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How to sort a list with duplicates and return their unique indices.
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How to sort a list with duplicates and return their unique indices.
#1
Given a list:

lst = [48,52,35,35,44,35]
I want to sort the list in descending order, so I use this:


sortedlst = sorted(slst, reverse = True)
I also want the original index in a sorted position as well. Like this:

sortedlstindx = [1,0,4,2,3,5]
for that I use this code:

sortedindx = [elem.index(lst) for elem in sorted(lst, reverse = True)]
The result I got is this:

sortedindx = [1,0,4,2,2,2]
How can I modify the code to give the result I want?
It's a shame I cannot use dict or set to help with this problem. No libraries import either sadly.
perfringo write Sep-21-2022, 10:08 AM:
Nobody expects the Spanish Inquisition! Our chief weapon is surprise! Surprise and fear. Fear and surprise. Let me tell you something: when you're looking at your thread tonight and manic silence meets you don't come cryin' to me. Instead do use respective tags while posting code, output and errors (refer to BBCode help). This empowers others to help you. And... Always Look on the Bright Side of Life: I added them this time but if in the future you do it all by yourself I feel happy.
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#2
You could use built-in enumerate function to capture indices:

>>> print(*enumerate(lst))
(0, 48) (1, 52) (2, 35) (3, 35) (4, 44) (5, 35)
You can provide key function to sorted so that it sorts values, not indices:

>>> print(sorted(enumerate(lst), key=lambda i: i[1], reverse=True))
[(1, 52), (0, 48), (4, 44), (2, 35), (3, 35), (5, 35)]
Then you can use built-in zip for row-to-columns:

>>> print(*zip(*sorted(enumerate(lst), key=lambda i: i[1], reverse=True)))
(1, 0, 4, 2, 3, 5) (52, 48, 44, 35, 35, 35)
You can unpack it right away:

>>> indices, values = zip(*sorted(enumerate(lst), key=lambda i: i[1], reverse=True))
>>> indices
(1, 0, 4, 2, 3, 5)
>>> values
(52, 48, 44, 35, 35, 35)
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#3
He wanted unique elements.

lst = [48,52,35,35,44,35]


def unique_sort_index(sequence, reverse=False):
    unique = sorted(set(sequence), reverse=reverse)
    for element in unique:
        yield sequence.index(element)


def unique_sort_index2(sequence, reverse=False):
    seen = set()
    for index, element in sorted(enumerate(sequence), key=lambda x: x[1]):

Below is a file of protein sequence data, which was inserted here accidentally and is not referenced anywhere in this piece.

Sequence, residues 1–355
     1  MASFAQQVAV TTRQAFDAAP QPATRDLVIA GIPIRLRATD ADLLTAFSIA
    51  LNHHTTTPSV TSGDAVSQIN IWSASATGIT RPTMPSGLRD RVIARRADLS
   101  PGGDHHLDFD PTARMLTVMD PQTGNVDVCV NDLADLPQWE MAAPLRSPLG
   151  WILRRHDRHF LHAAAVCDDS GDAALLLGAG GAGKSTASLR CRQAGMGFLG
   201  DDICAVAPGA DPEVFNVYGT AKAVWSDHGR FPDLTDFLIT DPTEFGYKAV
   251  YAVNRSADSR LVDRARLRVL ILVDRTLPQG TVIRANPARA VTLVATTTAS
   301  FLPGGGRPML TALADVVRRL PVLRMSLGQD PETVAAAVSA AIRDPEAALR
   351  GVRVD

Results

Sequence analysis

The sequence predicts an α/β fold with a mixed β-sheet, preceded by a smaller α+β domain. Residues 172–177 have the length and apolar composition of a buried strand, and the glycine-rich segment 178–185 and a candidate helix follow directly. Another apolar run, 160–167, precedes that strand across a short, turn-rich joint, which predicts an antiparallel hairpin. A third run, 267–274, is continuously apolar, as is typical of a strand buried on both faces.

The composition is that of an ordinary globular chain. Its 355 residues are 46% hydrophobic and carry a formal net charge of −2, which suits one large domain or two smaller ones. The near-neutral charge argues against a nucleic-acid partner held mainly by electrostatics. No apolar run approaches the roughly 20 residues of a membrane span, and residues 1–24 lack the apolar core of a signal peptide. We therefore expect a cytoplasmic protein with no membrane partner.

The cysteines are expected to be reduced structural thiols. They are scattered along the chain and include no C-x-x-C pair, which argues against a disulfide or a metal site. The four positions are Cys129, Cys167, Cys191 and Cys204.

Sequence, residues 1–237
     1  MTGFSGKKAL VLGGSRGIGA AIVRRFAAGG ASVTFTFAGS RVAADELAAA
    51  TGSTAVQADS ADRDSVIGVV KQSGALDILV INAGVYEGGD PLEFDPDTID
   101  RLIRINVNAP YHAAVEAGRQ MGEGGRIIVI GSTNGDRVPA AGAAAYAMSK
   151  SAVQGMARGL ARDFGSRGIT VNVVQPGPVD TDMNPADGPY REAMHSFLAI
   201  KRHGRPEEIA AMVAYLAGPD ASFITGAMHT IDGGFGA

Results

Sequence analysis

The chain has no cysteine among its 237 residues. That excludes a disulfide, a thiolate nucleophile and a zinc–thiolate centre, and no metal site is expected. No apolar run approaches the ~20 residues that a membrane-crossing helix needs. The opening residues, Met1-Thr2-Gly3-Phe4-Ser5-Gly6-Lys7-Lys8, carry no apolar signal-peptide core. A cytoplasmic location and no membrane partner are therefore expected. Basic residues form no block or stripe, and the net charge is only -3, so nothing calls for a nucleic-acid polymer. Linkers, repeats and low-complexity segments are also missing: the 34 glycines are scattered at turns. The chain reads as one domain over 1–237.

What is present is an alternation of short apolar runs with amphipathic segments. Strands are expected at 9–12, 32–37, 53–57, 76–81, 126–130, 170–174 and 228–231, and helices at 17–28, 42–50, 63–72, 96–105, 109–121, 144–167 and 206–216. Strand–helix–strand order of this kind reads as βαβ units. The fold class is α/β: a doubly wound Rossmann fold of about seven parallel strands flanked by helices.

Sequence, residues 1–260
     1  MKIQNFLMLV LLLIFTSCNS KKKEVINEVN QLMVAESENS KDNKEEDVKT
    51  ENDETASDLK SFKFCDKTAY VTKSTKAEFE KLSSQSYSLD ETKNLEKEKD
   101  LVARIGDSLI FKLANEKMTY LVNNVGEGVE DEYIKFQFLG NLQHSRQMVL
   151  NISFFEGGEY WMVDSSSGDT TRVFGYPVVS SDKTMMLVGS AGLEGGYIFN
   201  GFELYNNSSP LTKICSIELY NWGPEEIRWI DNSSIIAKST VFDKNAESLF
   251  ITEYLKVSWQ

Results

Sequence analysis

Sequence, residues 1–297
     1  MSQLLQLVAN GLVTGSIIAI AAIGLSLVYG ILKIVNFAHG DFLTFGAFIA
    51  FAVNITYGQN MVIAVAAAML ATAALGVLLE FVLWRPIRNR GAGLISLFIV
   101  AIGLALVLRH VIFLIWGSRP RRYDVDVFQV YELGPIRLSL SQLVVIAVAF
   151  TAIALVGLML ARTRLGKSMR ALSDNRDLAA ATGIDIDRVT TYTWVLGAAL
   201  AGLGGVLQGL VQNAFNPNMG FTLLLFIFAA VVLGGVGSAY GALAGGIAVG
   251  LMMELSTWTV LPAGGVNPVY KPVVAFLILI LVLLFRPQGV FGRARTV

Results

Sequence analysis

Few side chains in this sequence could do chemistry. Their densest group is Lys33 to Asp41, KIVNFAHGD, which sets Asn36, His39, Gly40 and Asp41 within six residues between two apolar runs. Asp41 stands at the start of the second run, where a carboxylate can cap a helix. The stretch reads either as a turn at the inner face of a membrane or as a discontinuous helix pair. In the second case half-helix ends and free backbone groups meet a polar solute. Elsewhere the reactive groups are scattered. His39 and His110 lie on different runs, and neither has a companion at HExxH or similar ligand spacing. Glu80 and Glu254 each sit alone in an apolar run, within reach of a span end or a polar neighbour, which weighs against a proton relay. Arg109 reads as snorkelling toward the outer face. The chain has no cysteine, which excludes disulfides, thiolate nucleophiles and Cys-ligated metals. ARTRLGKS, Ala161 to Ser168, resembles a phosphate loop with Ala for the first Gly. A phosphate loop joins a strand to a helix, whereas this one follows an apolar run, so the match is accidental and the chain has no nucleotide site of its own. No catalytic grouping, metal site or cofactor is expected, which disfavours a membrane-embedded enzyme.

if element not in seen:
            seen.add(element)
            yield index


print("unique_sort_index")
for idx in unique_sort_index(lst):
    print(idx, lst[idx])

print("\nunique_sort_index2")
for idx in unique_sort_index2(lst):
    print(idx, lst[idx])
Output:
unique_sort_index 2 35 4 44 0 48 1 52 unique_sort_index2 2 35 4 44 0 48 1 52
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#4
I think DeaD_EyE is not interpreting the question correctly. I do not think "unique" means that the lst should be pared down to only contain unique values. I think the problem is the way the index sort was done returned non-unique values. The problem is caused by using "index" which returns the first match, not the index of the element.

To solve the problem, create a list of index values, and sort these using a key that references the original list. This is what perfingo did with the index, value tuples. Another way to do the same thing is create a separate list of index values and sort the index list using a key that references the original list.
lst = [48,52,35,35,44,35]
index = range(len(lst))
sorted_index = sorted(index, key=lambda i: lst[i])
print(sorted_index)
I like perfingo's method because it produces the sorted list and the sorted index list at the same time. I would use that if I needed both results. If I only needed the sorted index list I might use the separate array.

You could also do this with numpy's argsort()
import numpy as np

lst = np.array([48,52,35,35,44,35])
print(lst.argsort())
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